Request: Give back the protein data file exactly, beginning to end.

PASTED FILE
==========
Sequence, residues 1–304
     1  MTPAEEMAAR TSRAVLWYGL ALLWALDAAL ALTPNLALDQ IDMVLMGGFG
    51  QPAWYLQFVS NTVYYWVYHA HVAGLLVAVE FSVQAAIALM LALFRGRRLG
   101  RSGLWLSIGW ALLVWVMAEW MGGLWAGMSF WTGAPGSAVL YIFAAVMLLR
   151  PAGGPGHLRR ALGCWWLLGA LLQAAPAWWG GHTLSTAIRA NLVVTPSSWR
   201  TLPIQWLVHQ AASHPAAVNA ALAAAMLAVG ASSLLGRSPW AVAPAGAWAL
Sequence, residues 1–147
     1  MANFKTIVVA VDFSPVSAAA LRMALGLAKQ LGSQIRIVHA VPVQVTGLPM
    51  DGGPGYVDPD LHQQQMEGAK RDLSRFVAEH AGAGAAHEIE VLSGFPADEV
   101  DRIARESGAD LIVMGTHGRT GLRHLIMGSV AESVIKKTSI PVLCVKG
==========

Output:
Sequence, residues 1–304
     1  MTPAEEMAAR TSRAVLWYGL ALLWALDAAL ALTPNLALDQ IDMVLMGGFG
    51  QPAWYLQFVS NTVYYWVYHA HVAGLLVAVE FSVQAAIALM LALFRGRRLG
   101  RSGLWLSIGW ALLVWVMAEW MGGLWAGMSF WTGAPGSAVL YIFAAVMLLR
   151  PAGGPGHLRR ALGCWWLLGA LLQAAPAWWG GHTLSTAIRA NLVVTPSSWR
   201  TLPIQWLVHQ AASHPAAVNA ALAAAMLAVG ASSLLGRSPW AVAPAGAWAL
Sequence, residues 1–147
     1  MANFKTIVVA VDFSPVSAAA LRMALGLAKQ LGSQIRIVHA VPVQVTGLPM
    51  DGGPGYVDPD LHQQQMEGAK RDLSRFVAEH AGAGAAHEIE VLSGFPADEV
   101  DRIARESGAD LIVMGTHGRT GLRHLIMGSV AESVIKKTSI PVLCVKG